Andrew Grice: Cameron's terrible week shows he can no longer get benefit of the doubt

 

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For David Cameron, the worst moment in a torrid week came when he watched a TV news bulletin showing the footage of Peter Cruddas, the Conservatives' former co-treasurer, telling undercover reporters that a £250,000 donation to the party would secure dinner at the Prime Minister's Downing Street flat.

Mr Cameron cringed. In his mind, a few boastful and totally untrue statements by a newly-appointed fundraiser could undo his painstaking efforts to put Tory finances on a more healthy footing. When he became leader in 2005, the party was dependent on huge donations from a handful of millionaires. Today, it has broadened its funding base and receives many £50,000 donations.

There was plenty of competition for Mr Cameron's worst moment. His most sticky period since becoming Prime Minister began with last week's Budget. Mr Cameron believed the Government could win the argument over George Osborne's controversial decision to cut the 50p tax rate on incomes over £150,000. But he had not reckoned on the outcry over the "granny tax"– the freezing of the personal allowances of pensioners. The two were a toxic combination, reviving suggestions that the Tories are the "party of the rich".

The image was reinforced by Mr Cruddas's ill-judged remarks to Sunday Times reporters posing as would-be Tory donors. The huge amounts of money involved – and the explosive suggestion that donors could buy influence over policy – echoed Labour's favourite attack lines on "out of touch" Tories looking after their rich friends.

There was worse to come. Amid near farcical scenes, Mr Osborne and Mr Cameron both tripped up over the Chancellor's decision to extend VAT to pies and pasties sold hot. First Mr Osborne could not recall when he last had a pasty and was dubbed "Marie Antoinette". When Mr Cameron tried to avoid the same trap, he fell into a deeper hole. He recalled his most recent pasty – at Leeds railway station, but a sceptical media soon established that the shop he had claimed to visit closed five years ago.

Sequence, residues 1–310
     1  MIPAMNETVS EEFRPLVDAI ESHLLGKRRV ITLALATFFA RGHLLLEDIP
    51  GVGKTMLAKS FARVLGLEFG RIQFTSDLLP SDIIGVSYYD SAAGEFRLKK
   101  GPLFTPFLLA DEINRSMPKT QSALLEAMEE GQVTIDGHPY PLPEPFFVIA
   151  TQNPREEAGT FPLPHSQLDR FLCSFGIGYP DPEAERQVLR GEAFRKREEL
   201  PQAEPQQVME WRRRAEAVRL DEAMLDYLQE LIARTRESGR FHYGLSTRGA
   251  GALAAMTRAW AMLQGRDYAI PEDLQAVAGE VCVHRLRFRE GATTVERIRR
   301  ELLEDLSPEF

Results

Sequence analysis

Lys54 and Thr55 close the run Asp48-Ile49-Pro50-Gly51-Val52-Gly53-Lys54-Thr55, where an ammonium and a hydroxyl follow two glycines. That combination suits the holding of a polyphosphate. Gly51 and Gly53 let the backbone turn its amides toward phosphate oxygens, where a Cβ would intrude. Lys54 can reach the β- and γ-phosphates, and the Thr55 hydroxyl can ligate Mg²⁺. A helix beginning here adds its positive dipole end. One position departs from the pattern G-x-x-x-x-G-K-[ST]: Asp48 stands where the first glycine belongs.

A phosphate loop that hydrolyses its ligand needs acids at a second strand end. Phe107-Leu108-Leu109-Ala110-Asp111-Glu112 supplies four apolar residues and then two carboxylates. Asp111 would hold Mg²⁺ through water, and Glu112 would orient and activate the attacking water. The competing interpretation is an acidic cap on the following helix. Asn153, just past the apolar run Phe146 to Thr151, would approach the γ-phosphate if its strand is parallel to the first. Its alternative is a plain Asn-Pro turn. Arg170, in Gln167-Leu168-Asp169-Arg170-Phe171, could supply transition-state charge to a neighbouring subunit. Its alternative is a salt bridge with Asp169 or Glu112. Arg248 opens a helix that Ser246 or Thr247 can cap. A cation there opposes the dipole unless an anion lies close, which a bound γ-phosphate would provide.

Francis Maude, the Cabinet Office Minister, added to the impression of an "out of touch" ruling party by playing down Mr Cameron's "kitchen suppers" with Tory donors and then suggesting motorists beat the threatened tanker drivers' strike by filling "jerry cans".

Conservative jitters were enhanced by a ComRes poll in The Independent which gave Labour a ten-point lead, its highest for seven years, and found that 66 per cent of people view the Tories as "the party of the rich".

"They think we're toffs," David Davis, the former shadow Home Secretary, told BBC Radio 4 yesterday. "They look at the front bench, see them all very well dressed, well turned out, well fed, and perhaps feel that they're in a different world to them. That's why the 'we're all in this together' phrase is very important – but at the moment it's not working."

Mr Cameron started 2012 with a purple patch, while Ed Miliband came in for growing criticism within Labour. Now, suddenly, the roles have reversed.

Mr Cameron remains cool under fire, dismissing recent events as a bout of the mid-term blues that afflict all governments and are inevitable in an age of austerity. He calms his nerves by reminding himself that he is less than two years into a five-year administration. But he will want to "get a grip" – and soon.

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